Climate scientists start a dialogue with local audiences

Eva presenting a word cloud of the feelings of high school children about climate change

The Folgefonn Centre in Rosendal, a two hour boat ride South East of Bergen, was the base  of nine ice2ice PhD students from Bergen and Copenhagen for four days in late January. They set out to engage in a dialogue with different audiences to improve their science communication skills. The PhD students formed groups of two to three and aimed to find out what 12 to 13 year-old children from Omvikdalen barneskule and 16-year old teenagers from Kvinnherad vidaregåande skule want to learn about the local and global climate. A third group met tour guides and representatives of the local turistforening.

On Monday the groups visited their individual audiences. Kartia and Sunniva, the elementary school group, asked the children what they would like to know about climate change and asked them to draw pictures regarding climate. Many of the children drew the local Folgefonna glacier and sea ice and were very interested in sea level rise. The children  got a sneak peek into the daily life of a climate scientist by working with a microscope and running a simple climate model.

Anaïs, Eva, and Ida, the high school group, chose a different approach. The teenagers were asked to write down words that came to their mind when they think about local climate, global climate and climate change.

Silje and Jonathan presented the idea behind the “Turspor”-project to tour guides and the local turistforening. “Turspor” is an outreach project of the University of Bergen that provides descriptions of local landscapes and their development for hiking trails. But getting to know their audience was only the first step.

The PhD students were going to meet their audiences again the following Thursday. So they had two days to work out how they would answer the questions of their audiences. Thursday was a busy day at the Folgefonn Centre.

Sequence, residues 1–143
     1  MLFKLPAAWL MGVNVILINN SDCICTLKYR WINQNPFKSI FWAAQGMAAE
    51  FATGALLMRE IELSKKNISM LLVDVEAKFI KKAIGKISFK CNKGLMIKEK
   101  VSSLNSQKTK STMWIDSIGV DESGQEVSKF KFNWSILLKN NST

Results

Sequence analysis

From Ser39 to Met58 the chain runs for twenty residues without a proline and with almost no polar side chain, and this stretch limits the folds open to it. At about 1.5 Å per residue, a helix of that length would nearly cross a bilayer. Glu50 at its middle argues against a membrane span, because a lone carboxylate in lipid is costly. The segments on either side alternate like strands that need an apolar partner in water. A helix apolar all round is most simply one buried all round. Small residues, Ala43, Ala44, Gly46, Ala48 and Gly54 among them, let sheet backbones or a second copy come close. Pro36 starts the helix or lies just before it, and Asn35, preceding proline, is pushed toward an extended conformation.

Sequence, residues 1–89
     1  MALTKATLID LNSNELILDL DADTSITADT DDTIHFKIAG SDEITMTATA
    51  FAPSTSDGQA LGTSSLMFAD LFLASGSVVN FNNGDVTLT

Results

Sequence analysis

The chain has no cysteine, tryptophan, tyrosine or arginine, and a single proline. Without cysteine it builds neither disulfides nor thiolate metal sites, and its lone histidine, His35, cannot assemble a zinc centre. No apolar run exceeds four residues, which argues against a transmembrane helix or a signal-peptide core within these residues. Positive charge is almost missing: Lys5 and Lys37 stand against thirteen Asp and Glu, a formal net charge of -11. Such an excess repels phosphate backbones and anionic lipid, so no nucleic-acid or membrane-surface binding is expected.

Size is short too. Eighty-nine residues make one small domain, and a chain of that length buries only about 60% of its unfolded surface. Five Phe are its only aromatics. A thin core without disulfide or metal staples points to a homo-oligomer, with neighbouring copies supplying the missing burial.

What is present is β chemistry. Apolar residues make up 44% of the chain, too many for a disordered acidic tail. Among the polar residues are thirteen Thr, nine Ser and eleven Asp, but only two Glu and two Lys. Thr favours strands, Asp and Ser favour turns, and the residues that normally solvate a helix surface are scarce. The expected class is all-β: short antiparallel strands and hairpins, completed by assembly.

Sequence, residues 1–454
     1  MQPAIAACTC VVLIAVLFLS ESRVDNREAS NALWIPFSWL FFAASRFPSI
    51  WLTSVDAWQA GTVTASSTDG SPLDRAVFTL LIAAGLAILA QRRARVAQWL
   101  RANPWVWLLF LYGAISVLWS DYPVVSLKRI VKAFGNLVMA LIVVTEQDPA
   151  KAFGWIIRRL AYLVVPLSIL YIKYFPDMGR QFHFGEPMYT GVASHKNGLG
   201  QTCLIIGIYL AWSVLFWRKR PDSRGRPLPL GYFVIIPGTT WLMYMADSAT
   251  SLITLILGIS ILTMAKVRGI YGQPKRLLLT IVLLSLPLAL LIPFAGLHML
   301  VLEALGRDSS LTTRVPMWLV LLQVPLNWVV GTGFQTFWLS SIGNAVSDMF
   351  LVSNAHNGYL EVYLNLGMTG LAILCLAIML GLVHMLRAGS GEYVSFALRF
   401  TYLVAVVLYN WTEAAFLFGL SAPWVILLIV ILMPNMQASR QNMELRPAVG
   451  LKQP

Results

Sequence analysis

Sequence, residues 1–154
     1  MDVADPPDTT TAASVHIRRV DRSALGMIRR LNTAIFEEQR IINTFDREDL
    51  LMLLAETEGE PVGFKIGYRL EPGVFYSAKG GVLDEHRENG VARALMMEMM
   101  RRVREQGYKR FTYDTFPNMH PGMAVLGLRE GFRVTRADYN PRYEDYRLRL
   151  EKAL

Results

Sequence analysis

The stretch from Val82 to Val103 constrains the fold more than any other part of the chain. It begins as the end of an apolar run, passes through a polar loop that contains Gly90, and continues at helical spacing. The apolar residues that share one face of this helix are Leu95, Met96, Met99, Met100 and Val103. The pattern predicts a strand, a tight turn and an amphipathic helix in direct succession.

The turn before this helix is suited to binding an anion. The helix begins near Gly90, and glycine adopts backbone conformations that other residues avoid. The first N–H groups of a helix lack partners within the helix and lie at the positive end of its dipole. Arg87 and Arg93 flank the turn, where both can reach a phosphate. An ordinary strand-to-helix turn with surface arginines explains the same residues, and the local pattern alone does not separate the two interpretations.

Sunniva explaining the card game and Mathew assisting with the sediment core.

First the high school children came. Anaïs, Eva, and Ida started with the whole group and presented word clouds of what the teenagers wrote down on Monday. Then the three PhD students discussed different aspects of their common theme “ice melting” in individual groups. Anaïs explained stratification of the ocean and illustrated it with an experiment. Eva talked about how she is reconstructing past climate changes with the help of marine sediment cores. And Ida focused on the change of Arctic sea ice from a modeling perspective and how it might influence the local climate.

The elementary school children came to the Centre shortly after. Karita and Sunniva answered the children’s questions in a card game where the children had to match their questions and Karita’s and Sunniva’s answers. The children got excited about investigating a sediment core from the Arctic Ocean and seeing an experiment illustrating the difference between melting sea and land ice.

In the afternoon, Silje and Jonathan presented their interpretation of the development of local landforms and how they plan to write up a “Turspor” as an addition for a local hike trail project in Rosendal.

In the end everybody was happy, audiences and PhD students alike. It was a great week where all of us learned a lot. We thank everybody involved for their efforts, and especially Mathew Stiller-Reeve for his enthusiasm and support in the planning phase and during the bootcamp week. He also gave a great lecture with tips on writing skills. Furthermore, we want to thank Ellen Viste for her very nice lecture on presentation techniques. But the whole week would not have been possible without the dedicated teachers at the local schools and especially the employees of the Folgefonn Centre, Karen Løvfall Våge and Ivar Baste. Science communication works best when you initiate a dialogue with your audience to make sure that you really address relevant topics. Go out and talk to your audience :-)!


Lisa Griem, Andreas Plach